Obama seeks deal as US 'fiscal cliff' looms

President scrambles to avoid year-end tax hikes and budget cuts that could plunge shaky US economy back into recession.
Last Modified: 28 Dec 2012 00:03

President Barack Obama has cut short his holiday and was returning to Washington as no deal appeared in sight to avoid the year-end "fiscal cliff" of higher taxes and deep spending cuts that could spin the still-fragile economy back into a recession.

Obama's decision prompted Speaker John Boehner to reconvene the US House of Representatives on Sunday, December 30 through January 2, the final day of the current Congress, according to Reuters news agency.        

The US treasury secretary earlier warned that the government would hit its borrowing limit on Monday, the final day of the year.

Obama made phone calls to congressional leaders late on Wednesday before leaving his Hawaiian vacation for Washington, the White House said on Thursday.

The US appears to be headed over the fiscal cliff, Senate Democratic Leader Harry Reid said on Thursday. He blamed Boehner for failing to agree on a compromise with the Democrats.

He said Boehner cared more about keeping his position when the new US Congress comes in on January 3.

On Wednesday, Treasury Secretary Timothy Geithner told Congress that he would take "extraordinary measures as authorised by law" to postpone a government default.

But he said uncertainty over the outcome of the fiscal cliff negotiations made it difficult to determine how much time those measures would buy.

In recent days, Obama's aides have been consulting with Reid's office, but Republicans have not been part of the discussions, suggesting that much still needs to be done before Congress can pass a deal, even a small one, by Monday.

At stake are tax cuts that expire on December 31 and revert to the higher rates in place during the administration of President Bill Clinton in the 1990s. That means $536bn in tax increases that would affect nearly all Americans.

In addition, the military and other federal departments would have to cut $110bn in spending.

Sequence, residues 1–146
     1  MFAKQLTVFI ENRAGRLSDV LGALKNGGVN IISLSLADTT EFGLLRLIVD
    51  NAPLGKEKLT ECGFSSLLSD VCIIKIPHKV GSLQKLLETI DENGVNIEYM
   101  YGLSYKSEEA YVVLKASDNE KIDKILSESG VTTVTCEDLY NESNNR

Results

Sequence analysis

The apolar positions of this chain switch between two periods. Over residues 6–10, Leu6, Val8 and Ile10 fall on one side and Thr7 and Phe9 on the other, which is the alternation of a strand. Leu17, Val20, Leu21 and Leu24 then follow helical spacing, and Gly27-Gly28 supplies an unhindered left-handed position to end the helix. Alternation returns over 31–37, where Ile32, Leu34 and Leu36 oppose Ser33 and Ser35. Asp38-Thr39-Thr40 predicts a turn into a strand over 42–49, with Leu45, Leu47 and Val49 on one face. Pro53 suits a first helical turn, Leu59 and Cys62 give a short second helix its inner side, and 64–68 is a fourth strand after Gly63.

The changes are part of a long-delayed need for the government to address its chronic deficit spending.

Concessions demanded

Obama has sought to include an increase in the borrowing limit, Boehner and other Republican leaders have demanded concessions in return.

Top US Senate Republican Mitch McConnell said he will meet Obama on Friday at the White House.

"I'm going to be down there at the president's meeting, and we'll see who else is there," McConnell told reporters Thursday, declining to say whether the other three leaders in Congress, including Boehner, would attend the meeting.

The Senate is due in session on Thursday, although the immediate agenda includes other matters. The House has no plans to convene, following last week's rebellion in which conservatives torpedoed Boehner's legislation to prevent scheduled tax increases on most, while letting them take effect on million-dollar wage earners.

Obama insists that no tax cuts be extended for anyone earning over $400,000 per year.

Geithner said the negotiations over tax and spending policies made it difficult to predict how long he can delay reaching the borrowing limit.

The absence of a specific timeframe may be intended to pressure Republicans to allow a debt limit increase in a potential budget deal.

For now, Treasury will take several steps to delay reaching the limit.

Geithner said it will stop selling Treasury securities used by state and local governments to support their own sales of tax-exempt bonds. That will keep the department from accumulating more debt.

And the department will stop investing in government retirement funds.

The two sides may strike a short-term agreement before New Year's that postpones spending cuts until spring, according to the Associated Press.


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